The new trap restrains the captured animal's front foot (hand) in a plastic device which hangs above ground, the raccoon puts his hand in to explore the contents of the domed plastic trap, and cannot remove it, there is no pain or pressure applied. The captured animal sits quietly. The performance of the new trap was "vastly superior" to the old trap, and is much more humane in situations where traps need to be used. The development of this new trap was sponsored by the American Veterinary Medical Association.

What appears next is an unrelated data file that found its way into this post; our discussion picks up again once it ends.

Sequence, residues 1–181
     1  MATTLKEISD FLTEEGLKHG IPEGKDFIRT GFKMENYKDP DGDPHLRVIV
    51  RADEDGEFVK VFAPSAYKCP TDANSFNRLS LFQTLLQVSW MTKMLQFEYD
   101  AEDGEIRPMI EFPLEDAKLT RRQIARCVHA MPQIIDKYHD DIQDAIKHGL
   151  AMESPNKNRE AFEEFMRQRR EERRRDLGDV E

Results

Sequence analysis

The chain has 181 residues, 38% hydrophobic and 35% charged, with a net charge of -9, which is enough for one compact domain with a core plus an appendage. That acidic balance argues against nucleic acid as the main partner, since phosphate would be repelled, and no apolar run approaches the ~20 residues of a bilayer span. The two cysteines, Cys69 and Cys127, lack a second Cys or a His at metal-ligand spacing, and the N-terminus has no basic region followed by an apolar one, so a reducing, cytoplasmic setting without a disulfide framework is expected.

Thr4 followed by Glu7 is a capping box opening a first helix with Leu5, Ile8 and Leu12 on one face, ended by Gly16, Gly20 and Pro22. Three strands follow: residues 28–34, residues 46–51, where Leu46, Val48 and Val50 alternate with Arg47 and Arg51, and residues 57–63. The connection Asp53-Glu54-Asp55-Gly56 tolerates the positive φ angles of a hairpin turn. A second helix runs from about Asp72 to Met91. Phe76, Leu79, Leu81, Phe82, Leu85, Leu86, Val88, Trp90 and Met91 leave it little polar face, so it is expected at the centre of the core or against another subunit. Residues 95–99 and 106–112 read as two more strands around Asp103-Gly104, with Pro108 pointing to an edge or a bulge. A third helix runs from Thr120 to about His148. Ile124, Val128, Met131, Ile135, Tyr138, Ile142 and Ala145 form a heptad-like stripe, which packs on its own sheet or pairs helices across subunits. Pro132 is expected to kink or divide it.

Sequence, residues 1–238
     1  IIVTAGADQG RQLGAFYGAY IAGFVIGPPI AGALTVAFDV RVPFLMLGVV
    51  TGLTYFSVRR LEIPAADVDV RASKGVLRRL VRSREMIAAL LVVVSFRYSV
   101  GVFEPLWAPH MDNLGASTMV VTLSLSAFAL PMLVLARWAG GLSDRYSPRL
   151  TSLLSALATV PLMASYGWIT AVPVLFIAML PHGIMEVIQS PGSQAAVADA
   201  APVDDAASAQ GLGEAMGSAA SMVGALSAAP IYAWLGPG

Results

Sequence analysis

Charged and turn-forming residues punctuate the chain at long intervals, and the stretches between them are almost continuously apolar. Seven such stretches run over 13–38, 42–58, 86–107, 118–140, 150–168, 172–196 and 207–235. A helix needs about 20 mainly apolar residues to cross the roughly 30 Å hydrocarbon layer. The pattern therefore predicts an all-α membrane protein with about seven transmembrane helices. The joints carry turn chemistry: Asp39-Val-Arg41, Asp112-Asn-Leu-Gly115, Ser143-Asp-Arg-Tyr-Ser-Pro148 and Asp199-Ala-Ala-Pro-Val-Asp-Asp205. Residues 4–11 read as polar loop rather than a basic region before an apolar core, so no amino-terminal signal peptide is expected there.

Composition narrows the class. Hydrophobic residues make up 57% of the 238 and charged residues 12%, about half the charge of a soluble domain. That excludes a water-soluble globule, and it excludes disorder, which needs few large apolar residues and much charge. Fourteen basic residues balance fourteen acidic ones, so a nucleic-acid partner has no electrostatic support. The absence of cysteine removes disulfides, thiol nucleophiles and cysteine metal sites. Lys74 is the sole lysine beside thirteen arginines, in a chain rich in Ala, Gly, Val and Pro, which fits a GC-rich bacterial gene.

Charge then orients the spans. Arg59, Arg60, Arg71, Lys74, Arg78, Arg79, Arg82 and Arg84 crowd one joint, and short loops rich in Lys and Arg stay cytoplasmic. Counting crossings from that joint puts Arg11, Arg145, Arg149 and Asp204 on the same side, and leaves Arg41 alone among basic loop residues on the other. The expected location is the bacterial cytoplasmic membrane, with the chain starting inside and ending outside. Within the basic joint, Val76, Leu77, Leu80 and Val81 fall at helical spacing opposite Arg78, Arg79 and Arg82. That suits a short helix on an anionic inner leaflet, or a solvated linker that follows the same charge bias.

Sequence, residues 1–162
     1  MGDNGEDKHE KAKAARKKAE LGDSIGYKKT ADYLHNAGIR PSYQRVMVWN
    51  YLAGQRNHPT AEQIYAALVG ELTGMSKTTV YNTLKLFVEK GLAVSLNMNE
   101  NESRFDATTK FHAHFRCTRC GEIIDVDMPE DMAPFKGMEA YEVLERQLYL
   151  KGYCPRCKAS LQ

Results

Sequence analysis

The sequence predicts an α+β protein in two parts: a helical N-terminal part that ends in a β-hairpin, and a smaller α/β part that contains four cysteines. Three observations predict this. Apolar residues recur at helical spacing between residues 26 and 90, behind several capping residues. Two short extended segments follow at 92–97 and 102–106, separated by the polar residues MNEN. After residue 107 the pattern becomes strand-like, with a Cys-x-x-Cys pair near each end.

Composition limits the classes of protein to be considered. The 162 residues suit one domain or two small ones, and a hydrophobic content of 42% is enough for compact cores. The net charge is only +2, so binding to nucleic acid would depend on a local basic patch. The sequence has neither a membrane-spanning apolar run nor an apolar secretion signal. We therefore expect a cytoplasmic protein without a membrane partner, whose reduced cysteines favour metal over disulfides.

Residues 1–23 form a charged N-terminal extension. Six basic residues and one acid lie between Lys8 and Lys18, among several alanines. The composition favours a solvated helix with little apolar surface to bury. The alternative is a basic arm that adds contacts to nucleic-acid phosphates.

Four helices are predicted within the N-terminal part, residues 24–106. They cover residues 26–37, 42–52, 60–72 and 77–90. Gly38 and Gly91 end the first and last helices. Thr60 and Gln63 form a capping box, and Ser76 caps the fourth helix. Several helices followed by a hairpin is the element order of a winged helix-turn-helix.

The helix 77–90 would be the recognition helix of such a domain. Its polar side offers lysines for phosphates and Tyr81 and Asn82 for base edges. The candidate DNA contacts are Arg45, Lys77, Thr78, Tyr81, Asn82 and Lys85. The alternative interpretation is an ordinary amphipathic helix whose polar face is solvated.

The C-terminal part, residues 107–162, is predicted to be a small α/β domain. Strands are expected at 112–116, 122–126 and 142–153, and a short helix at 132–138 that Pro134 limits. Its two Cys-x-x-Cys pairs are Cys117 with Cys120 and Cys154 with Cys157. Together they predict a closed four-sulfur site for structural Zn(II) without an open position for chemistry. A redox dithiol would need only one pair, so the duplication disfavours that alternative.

Raccoons are one of the leading carriers of rabies in the Northeastern US and have been a major factor in the increase of confirmed cases of rabies in both humans and animals. In 1993, there were 9,495 confirmed cases of rabies in animals, largely due to the explosion of the disease in raccoons.
In Europe, the vaccine has been used successfully to control rabies in red foxes and is currently being used in Canada for red foxes and in Southwestern US for coyotes. The vaccine is safe and the fact that it is oral hopefully will make it successful as a rabies control in raccoons.